Cell death is increased in the anterior pituitary of poorly controlled diabetic rats, but anti-apoptotic mechanisms are also activated. We hypothesized that specific cell types are selectively protected against diabetes-induced cell death. To determine when anti-apoptotic mechanisms are activated, streptozotocin-induced diabetic rats were killed after 1, 4, 6 and 8 weeks of evolution. Anterior pituitaries were processed for western blot analysis to determine changes in the intrinsic cell death pathway and upstream kinases involved in cell protection mechanisms. An increase in cell death was detected by ELISA at 4 weeks of diabetes. TUNEL labelling demonstrated that this corresponded to death of primarily lactotrophs, a few somatotrophs, and no thyrotrophs, corticotrophs or gonadotrophs. Levels of phosphorylated (p) Akt were increased at 1 week of diabetes, while pERK1/2 levels increased at 4 weeks and pJNK at 6 weeks. Activation of caspase 3 decreased and anti-apoptotic members of the Bcl-2 protein family increased as early as 1 week after diabetes onset. These changes were coincident with increased IGF-I receptor levels. Levels of X-linked inhibitor of apoptosis protein (XIAP) increased significantly after 6 weeks of diabetes, as did activation of nuclear factor (NF)κB. Double immunohistochemistry indicated that XIAP was expressed in less than 1% of lactotrophs and gonadotrophs, approximately 50% of somatotrophs and more than 90% of corticotrophs and thyrotrophs. These results suggest that some cell survival mechanisms are rapidly activated in the anterior pituitary, even before increased cell death can be detected, while others are more delayed. Furthermore, both pituitary cell death and expression of protective mechanisms such as XIAP are cell-type specific.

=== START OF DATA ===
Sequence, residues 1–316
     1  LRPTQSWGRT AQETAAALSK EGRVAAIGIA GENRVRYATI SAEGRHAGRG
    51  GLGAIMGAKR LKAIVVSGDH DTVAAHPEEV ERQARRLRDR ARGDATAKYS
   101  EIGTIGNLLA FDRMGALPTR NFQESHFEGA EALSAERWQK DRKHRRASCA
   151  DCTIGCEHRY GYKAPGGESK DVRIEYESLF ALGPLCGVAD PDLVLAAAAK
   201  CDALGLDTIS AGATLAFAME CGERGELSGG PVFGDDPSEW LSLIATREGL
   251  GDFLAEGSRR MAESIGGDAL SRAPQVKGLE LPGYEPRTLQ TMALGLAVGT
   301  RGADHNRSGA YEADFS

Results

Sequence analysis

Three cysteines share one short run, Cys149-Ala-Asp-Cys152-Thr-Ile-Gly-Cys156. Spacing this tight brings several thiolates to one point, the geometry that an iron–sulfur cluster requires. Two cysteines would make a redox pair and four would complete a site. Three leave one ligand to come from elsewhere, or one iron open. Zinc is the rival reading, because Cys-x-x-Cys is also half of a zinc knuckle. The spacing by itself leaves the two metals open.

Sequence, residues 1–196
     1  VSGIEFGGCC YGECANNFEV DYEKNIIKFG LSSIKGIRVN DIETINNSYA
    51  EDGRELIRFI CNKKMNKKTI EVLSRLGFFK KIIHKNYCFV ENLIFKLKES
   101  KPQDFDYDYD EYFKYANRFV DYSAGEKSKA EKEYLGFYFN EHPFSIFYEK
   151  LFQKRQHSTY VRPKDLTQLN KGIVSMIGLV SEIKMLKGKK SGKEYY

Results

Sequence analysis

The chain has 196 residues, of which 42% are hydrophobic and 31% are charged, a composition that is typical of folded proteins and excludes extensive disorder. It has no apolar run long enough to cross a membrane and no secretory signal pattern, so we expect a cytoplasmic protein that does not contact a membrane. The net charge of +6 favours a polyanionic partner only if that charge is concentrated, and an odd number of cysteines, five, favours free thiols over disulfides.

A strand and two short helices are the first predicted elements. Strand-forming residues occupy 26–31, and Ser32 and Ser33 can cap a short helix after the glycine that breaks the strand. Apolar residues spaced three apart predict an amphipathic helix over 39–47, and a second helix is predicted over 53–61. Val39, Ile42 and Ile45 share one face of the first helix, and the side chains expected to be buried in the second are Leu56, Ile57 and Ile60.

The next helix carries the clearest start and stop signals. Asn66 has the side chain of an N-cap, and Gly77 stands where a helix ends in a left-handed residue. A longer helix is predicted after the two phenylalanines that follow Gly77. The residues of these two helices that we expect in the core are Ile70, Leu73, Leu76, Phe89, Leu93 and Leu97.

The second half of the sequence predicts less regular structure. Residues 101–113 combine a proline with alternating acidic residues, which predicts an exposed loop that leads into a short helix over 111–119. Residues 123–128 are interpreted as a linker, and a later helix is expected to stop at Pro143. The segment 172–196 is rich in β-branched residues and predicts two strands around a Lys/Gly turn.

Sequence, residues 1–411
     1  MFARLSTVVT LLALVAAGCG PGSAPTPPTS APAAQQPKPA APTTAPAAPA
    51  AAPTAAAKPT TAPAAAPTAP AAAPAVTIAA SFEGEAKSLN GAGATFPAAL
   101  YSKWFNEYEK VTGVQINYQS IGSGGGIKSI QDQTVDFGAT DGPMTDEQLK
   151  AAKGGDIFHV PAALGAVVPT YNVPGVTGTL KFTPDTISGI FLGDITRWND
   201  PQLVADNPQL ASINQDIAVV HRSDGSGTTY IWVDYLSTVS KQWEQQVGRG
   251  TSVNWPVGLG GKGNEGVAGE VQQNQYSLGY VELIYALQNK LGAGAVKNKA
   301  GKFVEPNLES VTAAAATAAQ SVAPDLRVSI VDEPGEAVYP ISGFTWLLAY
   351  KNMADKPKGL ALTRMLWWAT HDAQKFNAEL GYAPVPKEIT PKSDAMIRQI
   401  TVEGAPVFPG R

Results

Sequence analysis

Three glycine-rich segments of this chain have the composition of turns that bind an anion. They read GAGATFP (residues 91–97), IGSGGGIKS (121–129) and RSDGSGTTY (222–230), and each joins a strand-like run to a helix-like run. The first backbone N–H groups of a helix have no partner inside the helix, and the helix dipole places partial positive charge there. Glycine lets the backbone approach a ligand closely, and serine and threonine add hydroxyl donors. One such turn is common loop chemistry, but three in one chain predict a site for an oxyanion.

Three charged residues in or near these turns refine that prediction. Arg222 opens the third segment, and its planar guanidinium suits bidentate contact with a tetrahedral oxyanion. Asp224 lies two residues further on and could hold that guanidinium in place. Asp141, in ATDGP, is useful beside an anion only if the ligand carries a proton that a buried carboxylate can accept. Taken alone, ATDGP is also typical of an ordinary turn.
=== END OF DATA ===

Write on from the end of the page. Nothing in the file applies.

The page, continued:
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Adrián Plaza, Beatriz Merino, Victoria Cano, Gema Domínguez, Javier Pérez-Castells, M Soledad Fernández-Alfonso, Coralie Sengenès, Julie A Chowen and Mariano Ruiz-Gayo

The incorporation of plasma triglyceride (TG) fatty acids to white adipose tissue (WAT) depends on lipoprotein lipase (LPL), which is regulated by angiopoietin-like protein-4 (ANGPTL-4), an unfolding molecular chaperone that converts active LPL dimers into inactive monomers. The production of ANGPTL-4 is promoted by fasting and repressed by feeding. We hypothesized that the postprandial hormone cholecystokinin (CCK) facilitates the storage of dietary TG fatty acids in WAT by regulating the activity of the LPL/ANGPTL-4 axis and that it does so by acting directly on CCK receptors in adipocytes. We report that administration of CCK-8 (a bioactive fragment of CCK) to rats: (i) reduces plasma ANGTPL-4 levels; (ii) represses Angptl-4 expression in WAT and (iii) simultaneously enhances LPL activity in this tissue without inducing Lpl expression. In vivo CCK-8 effects are specifically antagonized by the CCK-2 receptor (CCK-2R) antagonist, L-365,260. Moreover, CCK-8 downregulates Angptl-4 expression in wild-type pre-adipocytes, an effect that is not observed in engineered pre-adipocytes lacking CCK-2R. These effects have functional consequences as CCK-8 was found to promote the uptake of dietary fatty acids by WAT, as demonstrated by means of proton nuclear magnetic resonance (1H-NMR). The efficacy of acute CCK-8 administration was not reduced after chronic CCK-8 treatment. Moreover, the effects of CCK-8 on WAT were not associated to the increase of circulating insulin. Our results show that cholecystokinin promotes lipid storage in WAT by acting on adipocyte CCK-2R, suggesting a pivotal role for CCK in TG homeostasis.